Generally, when I prepare year end financial statements for my clients, I perform either of these 3 tasks:
1) I prepare everything and write up the books at the time of preparation of the company’s year end financial statements
2) I do the monthly accounting throughout the year, and then do the year end financial statements before continuing with a new fiscal year
3) The client has internal or part-time bookkeepers who do the monthly accounting and then I just perform the year end from information supplied to me.
One of these part-time bookkeepers on task 3) just couldn’t understand the concept of reconciling a bank and that brings back memories for me, because I used to work with people who had the exact same attitude, and always created problems with their short-cuts.
Here are a couple of posts I did back in 2006 regarding this topic if you want a refresher course:
IMAGINE THE FOLLOWING FACTS
* June 30, 2009 you receive your bank statement and it shows $1,680.00 ending balance
* June 30, 2009 you cheque book balance claims you should have $1,800.00 ending balance
THIS IS NOT RECONCILING YOUR BANK
* Adjust your cheque book balance to $1,680.00 to “reconcile” and agree to the bank balance
* Complaining to your bank manager that the bank balance should be $1,800.00 and to please put back $120.00 bank error immediately.
WHAT IS RECONCILING THEN?
Reconciling your bank is when you take each balance you want to “reconcile” to .. and come to the same and usually different balance. It is rarely one balance or the other balance and often in between the balances.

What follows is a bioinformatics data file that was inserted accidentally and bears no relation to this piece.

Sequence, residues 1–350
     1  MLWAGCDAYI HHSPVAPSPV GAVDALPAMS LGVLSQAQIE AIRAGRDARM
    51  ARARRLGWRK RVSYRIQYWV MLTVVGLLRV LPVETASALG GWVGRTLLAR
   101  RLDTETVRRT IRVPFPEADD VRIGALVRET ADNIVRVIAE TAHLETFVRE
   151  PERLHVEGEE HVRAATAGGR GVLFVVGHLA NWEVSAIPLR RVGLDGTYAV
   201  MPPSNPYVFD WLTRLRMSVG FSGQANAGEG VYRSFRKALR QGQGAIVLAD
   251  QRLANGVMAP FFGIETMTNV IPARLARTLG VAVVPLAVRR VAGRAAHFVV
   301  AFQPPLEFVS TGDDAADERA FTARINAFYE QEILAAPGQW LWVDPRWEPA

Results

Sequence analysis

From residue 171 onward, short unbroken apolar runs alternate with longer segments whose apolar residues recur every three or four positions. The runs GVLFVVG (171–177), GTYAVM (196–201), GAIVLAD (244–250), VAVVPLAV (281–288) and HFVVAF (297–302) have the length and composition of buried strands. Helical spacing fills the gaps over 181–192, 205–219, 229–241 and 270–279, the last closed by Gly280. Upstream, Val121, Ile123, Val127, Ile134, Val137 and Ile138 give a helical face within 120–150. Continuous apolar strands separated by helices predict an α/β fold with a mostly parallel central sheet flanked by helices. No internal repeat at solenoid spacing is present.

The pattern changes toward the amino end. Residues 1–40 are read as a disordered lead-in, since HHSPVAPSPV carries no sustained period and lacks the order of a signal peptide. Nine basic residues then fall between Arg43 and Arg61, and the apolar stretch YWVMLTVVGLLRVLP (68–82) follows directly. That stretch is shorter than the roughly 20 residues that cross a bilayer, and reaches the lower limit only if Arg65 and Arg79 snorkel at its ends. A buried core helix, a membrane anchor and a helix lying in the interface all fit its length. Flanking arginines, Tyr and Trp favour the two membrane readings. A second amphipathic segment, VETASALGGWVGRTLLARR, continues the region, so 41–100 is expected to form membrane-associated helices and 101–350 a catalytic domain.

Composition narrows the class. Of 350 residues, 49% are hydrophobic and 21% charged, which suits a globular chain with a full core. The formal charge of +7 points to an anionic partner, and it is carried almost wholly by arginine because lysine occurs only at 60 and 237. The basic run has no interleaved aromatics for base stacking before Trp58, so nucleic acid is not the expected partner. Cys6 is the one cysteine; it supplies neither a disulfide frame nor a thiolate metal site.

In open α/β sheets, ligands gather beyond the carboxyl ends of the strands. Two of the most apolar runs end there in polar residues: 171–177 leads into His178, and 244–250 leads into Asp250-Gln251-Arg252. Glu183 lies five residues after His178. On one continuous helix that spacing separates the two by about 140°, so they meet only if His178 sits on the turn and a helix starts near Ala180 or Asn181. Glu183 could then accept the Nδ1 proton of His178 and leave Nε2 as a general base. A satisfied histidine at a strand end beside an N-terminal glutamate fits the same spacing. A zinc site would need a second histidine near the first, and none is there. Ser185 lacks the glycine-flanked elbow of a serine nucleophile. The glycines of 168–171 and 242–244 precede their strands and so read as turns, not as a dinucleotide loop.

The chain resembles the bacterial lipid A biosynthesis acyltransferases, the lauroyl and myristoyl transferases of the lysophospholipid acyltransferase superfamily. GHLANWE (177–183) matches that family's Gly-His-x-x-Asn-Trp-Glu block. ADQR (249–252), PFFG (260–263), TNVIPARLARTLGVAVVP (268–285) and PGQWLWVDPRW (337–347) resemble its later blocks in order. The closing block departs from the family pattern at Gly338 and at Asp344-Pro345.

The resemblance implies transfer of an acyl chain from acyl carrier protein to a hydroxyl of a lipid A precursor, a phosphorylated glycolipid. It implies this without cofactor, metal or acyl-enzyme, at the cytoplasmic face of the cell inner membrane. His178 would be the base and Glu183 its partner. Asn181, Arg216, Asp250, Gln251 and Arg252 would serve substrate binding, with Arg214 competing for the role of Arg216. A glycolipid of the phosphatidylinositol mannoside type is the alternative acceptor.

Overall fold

In this case, the “reconciled” bank balance is the final general ledger balance of “Bank” that we would want to see on our monthly statements or year end financial statements.
If you were to make a flow chart – it would look like this:
BANK BALANCE (bank statement)
RECONCILED BALANCE (financial statements – adjusted balance)
OUR BALANCE (cheque book register – unadjusted balance)
EXAMPLE – RECONCILIATION OF THIS BANK
Our Cheque Book Balance: $1,800.00
LESS: June Service Charges: ($20.00)
EQUALS: Adjusted Cheque Book Balance: $1,780.00
Bank Statement Balance: $1,680.00
LESS: Outstanding Cheque – not yet cleared
Property Tax payment June 30th ($500.00)
ADD: Oustanding Deposit – cleared in July
Instant Teller Deposit after hours + $600.00
EQUALS: Adjusted Bank Statement Balance: $1,780.00
* Both the adjusted bank statement balance and adjusted cheque book balance agree (this is the “reconciled balance”)
* You do not adjust your cheque book balance to the bank statement balance (you only adjust for items that you do not have recorded already)
* You do not claim your bank statement balance is in error and complain to your bank manager to put money back (otherwise you will look like a fool)
AND THAT’S HOW YOU RECONCILE YOUR BANK!
The only journal entry that the bookkeeper would make in this situation, is
DR: Bank Charges – $20.00
CR: Bank – ($20.00)
DR: Cash Shortages – $120.00
CR: Bank – ($120.00)
OR WORSE YET:
(no journal entry – but instead a letter is written and delivered to the attention of the Bank Manager to inform them of theft by their tellers or computer)
And, the final G/L Balance at the June 30, 2009 would be: $1,780.00 – a balance inbetween the unadjusted cheque book balance and the ending bank statement balance
I hope that makes sense .. it’s one of the little things that irks me in my ‘dayjob’ ..